So last weekend, I was waiting in line at a local store when a young man behind me started complaining about the weather. I turned to see who he was talking to, and apparently it was me. “Huh?” I asked.
“Yeah,” he said, “I just moved here from Phoenix, for the rain, and so far there isn’t any!” On the way home, my thoughts shifted back to 1982 and how horrified our California friends were when we announced our move to the Oregon coast. “You are going to hate it,” they said. “It rains all the time!” they said. “And you don’t know anybody!” they said. But we didn’t care. We were suffering from big city burnout and anxious to escape the heat, smog and traffic. And like that young man in the store, we could not wait for rain.
That very first week, we started getting weather-related phone calls from friends and family. “Is it raining there?” they asked. “No, it isn’t. You see, summer on the coast is…” “It’s hot, hot, hot here!” they said, not waiting for us to finish. “Are you sure it’s not raining in Oregon?” We looked out the window and told them we were sure.
At the time, I still had my dad who called weekly from Omaha. The first thing he always asked was “Are you OK?” like maybe I might have just wrecked the car. The second thing he asked about was the weather.
“No, it isn’t raining, Dad, it’s just beauti…” “Well, it’s 100 degrees here.” he said. “And today we’ve got tornado warnings all over the place. You should see it, Bobbie. The wind is blowing like crazy, and the sky is green.” Dad loved the excitement of a good old-fashioned Nebraska tornado. Mom would head for the basement, but Dad would be out in the yard looking up at the sky.
The next day my husband took me on a “field trip” over to Eugene, as we had just started exploring other parts of Oregon. In one of the Fifth Street Market shops, I was fascinated by the slogans on a wall full of T-shirts. Burt had wandered off to look at belt buckles, but I lingered to write down some of the slogans:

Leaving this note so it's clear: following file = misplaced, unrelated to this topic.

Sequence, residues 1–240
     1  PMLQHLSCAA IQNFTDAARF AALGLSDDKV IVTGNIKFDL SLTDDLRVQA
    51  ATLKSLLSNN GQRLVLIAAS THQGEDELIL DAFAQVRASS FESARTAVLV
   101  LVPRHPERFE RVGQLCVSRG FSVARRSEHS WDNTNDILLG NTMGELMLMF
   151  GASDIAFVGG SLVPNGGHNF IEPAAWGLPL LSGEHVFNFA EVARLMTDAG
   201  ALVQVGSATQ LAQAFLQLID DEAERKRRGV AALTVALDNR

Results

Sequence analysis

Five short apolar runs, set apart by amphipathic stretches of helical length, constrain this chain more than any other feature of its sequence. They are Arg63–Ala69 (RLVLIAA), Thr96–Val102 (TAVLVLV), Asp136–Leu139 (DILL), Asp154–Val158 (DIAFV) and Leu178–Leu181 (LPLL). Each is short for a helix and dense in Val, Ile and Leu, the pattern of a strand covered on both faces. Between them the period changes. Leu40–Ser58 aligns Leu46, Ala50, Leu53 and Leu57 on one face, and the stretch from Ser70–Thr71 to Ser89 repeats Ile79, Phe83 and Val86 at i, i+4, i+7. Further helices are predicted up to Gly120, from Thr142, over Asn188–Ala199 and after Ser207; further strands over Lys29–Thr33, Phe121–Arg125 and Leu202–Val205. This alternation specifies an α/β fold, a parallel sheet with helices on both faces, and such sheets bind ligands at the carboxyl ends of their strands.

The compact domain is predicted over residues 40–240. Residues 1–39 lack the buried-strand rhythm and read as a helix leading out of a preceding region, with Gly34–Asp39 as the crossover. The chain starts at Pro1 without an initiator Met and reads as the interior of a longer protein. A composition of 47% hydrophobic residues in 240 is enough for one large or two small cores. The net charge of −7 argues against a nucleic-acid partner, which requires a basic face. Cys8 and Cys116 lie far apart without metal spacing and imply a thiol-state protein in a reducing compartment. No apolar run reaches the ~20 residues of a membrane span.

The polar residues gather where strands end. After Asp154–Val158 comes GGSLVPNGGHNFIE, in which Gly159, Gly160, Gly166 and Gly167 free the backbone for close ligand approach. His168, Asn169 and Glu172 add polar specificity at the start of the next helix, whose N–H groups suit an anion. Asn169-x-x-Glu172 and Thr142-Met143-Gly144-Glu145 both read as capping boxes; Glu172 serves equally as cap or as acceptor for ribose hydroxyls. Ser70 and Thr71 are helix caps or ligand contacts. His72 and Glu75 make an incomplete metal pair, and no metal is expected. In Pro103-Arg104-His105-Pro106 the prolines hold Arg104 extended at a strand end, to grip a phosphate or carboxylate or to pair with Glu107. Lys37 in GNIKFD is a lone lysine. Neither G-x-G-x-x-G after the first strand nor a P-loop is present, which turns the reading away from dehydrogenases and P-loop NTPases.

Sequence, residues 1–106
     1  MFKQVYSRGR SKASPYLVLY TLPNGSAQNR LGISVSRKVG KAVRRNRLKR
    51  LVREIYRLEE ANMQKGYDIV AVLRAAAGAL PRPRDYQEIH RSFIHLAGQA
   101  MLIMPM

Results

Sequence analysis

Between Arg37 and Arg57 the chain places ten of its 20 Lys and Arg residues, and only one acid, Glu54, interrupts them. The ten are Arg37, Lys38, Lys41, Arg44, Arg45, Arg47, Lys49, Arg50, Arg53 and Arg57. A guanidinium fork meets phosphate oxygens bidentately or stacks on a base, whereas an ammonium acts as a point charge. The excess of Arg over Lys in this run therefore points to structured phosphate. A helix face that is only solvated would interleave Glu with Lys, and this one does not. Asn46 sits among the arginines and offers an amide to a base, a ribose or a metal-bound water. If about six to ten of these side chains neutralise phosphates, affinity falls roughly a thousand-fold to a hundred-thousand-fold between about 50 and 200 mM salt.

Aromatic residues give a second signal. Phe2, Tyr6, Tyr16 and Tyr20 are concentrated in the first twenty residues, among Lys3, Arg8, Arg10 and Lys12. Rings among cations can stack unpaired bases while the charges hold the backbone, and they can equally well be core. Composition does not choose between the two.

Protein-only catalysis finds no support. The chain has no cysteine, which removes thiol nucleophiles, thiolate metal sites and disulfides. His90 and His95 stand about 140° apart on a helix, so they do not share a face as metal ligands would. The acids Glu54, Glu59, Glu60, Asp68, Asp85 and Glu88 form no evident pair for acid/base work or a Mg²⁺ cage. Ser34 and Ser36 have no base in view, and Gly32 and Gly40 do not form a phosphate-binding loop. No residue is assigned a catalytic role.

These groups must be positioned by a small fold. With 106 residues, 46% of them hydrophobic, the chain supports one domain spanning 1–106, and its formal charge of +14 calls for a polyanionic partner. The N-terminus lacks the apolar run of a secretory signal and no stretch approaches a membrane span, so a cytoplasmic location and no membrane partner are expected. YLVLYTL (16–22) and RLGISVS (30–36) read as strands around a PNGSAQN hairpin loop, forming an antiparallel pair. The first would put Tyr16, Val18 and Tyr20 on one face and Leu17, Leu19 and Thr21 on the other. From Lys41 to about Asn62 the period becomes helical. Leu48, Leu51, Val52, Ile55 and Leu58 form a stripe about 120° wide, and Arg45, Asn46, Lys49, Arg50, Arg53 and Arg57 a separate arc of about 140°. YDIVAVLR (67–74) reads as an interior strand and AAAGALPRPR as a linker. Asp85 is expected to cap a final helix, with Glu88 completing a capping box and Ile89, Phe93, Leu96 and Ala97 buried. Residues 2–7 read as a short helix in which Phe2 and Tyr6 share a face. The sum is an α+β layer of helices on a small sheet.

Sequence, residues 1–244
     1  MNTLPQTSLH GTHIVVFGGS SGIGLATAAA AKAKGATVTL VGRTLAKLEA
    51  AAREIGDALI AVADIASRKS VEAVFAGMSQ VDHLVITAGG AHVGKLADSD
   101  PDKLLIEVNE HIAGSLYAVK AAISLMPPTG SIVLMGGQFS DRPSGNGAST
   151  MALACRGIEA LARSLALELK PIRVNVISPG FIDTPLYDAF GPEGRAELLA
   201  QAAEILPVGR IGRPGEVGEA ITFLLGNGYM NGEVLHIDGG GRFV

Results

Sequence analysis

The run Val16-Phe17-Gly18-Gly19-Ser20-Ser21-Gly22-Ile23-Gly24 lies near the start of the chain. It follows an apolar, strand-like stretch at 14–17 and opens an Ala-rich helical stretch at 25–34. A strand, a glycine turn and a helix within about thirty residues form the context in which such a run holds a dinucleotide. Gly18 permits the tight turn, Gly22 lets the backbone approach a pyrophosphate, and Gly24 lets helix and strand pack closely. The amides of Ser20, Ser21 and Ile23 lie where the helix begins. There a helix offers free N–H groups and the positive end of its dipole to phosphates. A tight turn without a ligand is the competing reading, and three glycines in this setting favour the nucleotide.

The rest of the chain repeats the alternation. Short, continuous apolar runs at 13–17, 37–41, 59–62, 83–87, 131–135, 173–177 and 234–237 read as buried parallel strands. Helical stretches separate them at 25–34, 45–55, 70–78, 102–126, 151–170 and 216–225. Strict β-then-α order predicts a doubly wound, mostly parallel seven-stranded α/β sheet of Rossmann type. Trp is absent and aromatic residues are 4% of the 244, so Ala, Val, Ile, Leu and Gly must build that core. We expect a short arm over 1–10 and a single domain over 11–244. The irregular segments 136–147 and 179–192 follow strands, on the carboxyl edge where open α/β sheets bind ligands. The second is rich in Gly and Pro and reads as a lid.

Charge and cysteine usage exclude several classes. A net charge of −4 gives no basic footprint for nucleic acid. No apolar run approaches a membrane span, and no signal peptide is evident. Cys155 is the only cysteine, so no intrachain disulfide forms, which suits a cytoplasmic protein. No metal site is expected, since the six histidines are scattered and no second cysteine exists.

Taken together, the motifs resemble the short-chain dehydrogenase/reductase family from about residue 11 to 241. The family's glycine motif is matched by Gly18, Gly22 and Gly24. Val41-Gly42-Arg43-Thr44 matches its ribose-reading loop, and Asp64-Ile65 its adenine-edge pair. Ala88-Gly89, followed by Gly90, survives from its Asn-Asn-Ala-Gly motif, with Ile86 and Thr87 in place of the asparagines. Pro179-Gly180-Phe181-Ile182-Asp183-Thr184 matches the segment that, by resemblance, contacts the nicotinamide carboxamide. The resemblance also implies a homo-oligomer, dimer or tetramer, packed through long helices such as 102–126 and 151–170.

All the way back to the coast I thought about how people automatically relate the whole Northwest to rain.
The phone was ringing when we walked into the house, a call from a cousin in New York. “No, it’s not raining here,” we said, in answer to the usual question. “The sun is shining and it’s about 70 degrees. How’s the weather in New York?” “Sweltering,” she said, “but thank heavens for air conditioning.” Air conditioning? We looked at each other, remembering how dependent we used to be on air conditioning.
We went out on the deck to enjoy a cup of coffee. We gazed at the blue Pacific and talked about how much we loved our new life on the Oregon coast. I looked at the empty rain gauge Burt installed the week we moved in. After so many years in Southern California, he could not wait to start measuring all the rain we had heard about.
And that night in our new home, it rained. As we crawled into bed, Burt said, “Just listen to that. What a great sound.”
“Uh huh,” I said, waiting for him to fall asleep. Then I crept out on the deck with a flashlight, a quart of water and filled the rain gauge to the top. I should have put in only 2 or 3 inches, but stumbling around on a dark deck in a dumb nightgown (in the rain!) was not easy.
First thing next morning, Burt ran outside to check the rain gauge while I watched gleefully through the kitchen window. His look of amazement was totally satisfying … for about 10 seconds, until he caught on. For a long time we laughed over what he called “The Great Rain Gauge Caper.”
That year, the Oregon coast had well below the average rainfall of 65 inches. When friends called to ask how we liked the rain, our response was “What rain?” After years of heat, fires, floods, earthquakes and eye-stinging smog, we ended up rejoicing when it rained.
None of us can control the weather, but by Halloween, I will have tied down the deck furniture because I remember the words of wisdom from our original coastal neighbors: “If you don’t,” they said, “it might turn up in Toledo!”
I’m still thinking about that young man who just moved here, and I hope he gets his rainy-day wishes soon — and he is not the only one.
Bobbie Lippman is a professional writer who lives in Seal Rock with her cat, Purrfect. She is the author of “Good Grief: A Collection of Stories As One Woman Journeys From Heartbreak To Healing Through Honesty and Humor” (Dancing Moon Press). The book, with all proceeds going to Rotary International Foundation, is available on Amazon, at JC Market in Newport and directly from Bobbie, who can be contacted at [email protected]